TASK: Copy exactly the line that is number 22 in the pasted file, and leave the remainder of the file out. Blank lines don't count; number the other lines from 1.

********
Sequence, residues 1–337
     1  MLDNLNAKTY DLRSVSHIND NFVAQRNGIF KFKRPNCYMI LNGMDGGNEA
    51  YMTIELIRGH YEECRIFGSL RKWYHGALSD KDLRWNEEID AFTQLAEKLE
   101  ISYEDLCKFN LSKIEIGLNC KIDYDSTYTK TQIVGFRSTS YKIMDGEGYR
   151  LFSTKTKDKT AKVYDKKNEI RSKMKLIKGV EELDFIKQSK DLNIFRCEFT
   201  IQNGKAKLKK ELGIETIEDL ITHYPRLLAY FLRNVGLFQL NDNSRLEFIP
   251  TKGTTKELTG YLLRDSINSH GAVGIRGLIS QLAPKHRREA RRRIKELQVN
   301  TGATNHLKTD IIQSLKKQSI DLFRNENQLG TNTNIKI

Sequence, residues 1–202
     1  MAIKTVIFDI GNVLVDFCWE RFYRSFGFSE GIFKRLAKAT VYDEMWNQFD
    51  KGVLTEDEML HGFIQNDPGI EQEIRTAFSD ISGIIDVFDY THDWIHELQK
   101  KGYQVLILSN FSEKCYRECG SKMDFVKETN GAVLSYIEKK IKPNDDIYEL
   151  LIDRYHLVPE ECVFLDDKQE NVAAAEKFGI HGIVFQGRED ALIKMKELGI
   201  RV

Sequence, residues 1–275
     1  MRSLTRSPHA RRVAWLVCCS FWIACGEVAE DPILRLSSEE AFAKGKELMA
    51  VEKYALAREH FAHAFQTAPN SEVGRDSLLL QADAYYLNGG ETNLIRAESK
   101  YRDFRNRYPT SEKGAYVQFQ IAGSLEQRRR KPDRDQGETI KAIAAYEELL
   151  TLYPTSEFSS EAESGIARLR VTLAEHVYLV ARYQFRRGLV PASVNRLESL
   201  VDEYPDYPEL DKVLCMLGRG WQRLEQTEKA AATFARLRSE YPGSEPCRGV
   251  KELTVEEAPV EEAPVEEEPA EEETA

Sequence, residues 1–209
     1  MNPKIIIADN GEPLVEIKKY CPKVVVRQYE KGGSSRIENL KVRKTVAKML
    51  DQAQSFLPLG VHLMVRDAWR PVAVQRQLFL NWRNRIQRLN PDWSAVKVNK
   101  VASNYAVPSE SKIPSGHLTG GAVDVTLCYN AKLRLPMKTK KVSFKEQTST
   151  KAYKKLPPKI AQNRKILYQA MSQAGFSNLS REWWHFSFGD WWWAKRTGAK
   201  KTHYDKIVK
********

Sequence, residues 1–209